Video Of The Week: How Play Made the Modern World

I got to spend a fair bit of time with my friend Steven Johnson this past week, in preparation for our crypto talk on Thursday night and before and after that talk.

Steven has this wonderful quality of being able to observe both history and the present and make connections between the two and also to weave those observations into narratives that make for great stories.

A persistent theme in his work is the role of play in the advancement of society. He argued in Everything Bad Is Good For You that playing video games and watching TV are actually educational and productive uses of our time. And in Wonderland, he argued that play led to many important societal advances.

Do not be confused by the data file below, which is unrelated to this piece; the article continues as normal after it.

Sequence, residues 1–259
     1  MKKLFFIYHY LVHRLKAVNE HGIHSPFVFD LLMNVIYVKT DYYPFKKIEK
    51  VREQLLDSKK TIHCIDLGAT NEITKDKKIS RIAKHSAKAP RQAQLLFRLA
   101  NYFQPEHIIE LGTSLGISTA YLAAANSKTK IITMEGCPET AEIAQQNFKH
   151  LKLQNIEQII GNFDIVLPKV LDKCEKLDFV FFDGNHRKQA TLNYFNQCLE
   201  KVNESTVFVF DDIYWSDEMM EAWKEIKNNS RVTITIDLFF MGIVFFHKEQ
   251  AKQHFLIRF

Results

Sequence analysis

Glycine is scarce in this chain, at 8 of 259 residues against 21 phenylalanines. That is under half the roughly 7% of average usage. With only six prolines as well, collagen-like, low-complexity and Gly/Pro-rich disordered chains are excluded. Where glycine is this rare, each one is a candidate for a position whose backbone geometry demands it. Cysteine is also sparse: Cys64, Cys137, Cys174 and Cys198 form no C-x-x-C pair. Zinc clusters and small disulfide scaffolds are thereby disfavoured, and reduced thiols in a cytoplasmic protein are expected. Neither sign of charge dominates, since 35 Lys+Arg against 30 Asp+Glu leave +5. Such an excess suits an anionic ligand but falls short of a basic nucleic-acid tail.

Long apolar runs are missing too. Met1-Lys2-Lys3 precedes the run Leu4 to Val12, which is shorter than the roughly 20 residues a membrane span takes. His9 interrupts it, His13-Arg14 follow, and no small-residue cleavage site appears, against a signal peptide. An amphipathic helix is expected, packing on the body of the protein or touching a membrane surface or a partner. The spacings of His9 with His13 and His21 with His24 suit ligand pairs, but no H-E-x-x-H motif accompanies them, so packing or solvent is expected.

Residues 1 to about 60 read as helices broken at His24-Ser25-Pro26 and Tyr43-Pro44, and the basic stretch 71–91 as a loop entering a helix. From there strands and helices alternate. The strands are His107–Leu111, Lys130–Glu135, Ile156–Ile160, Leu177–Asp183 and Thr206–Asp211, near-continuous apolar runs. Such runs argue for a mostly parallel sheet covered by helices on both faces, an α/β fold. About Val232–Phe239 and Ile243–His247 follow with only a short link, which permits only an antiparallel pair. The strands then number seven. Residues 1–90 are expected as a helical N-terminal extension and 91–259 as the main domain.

This talk at RSA, delivered in the wake of Wonderland, is a great articulation of the value of having fun to moving society forward.

I enjoyed it very much and I hope you do too.

#VC & Technology

Comments (Archived):

  1. Ben Giordano

    Great, thank you. The power of imagination can’t be engineered and does its work when we do not consciously know what is happening.

  2. sigmaalgebra